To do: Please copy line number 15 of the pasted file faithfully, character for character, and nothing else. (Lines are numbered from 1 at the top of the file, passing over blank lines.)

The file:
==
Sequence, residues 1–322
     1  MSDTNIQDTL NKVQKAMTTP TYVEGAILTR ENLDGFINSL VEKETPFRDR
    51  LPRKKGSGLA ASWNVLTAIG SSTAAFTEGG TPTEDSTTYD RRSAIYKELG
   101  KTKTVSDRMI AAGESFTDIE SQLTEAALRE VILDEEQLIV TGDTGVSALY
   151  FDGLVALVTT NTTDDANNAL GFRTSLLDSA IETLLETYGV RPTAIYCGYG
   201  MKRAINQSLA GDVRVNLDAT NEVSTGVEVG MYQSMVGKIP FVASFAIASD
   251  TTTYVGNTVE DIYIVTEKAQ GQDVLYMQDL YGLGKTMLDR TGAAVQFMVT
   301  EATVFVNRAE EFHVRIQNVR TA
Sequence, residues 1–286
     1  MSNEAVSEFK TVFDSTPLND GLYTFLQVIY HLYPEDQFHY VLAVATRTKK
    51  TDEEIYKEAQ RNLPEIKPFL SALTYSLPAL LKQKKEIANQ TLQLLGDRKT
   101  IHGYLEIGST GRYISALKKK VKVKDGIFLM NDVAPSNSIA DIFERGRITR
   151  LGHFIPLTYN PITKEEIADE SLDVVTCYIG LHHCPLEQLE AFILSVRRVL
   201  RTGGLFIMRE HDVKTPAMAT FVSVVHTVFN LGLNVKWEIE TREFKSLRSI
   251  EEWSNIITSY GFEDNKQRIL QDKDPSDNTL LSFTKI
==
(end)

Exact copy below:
   251  EEWSNIITSY GFEDNKQRIL QDKDPSDNTL LSFTKI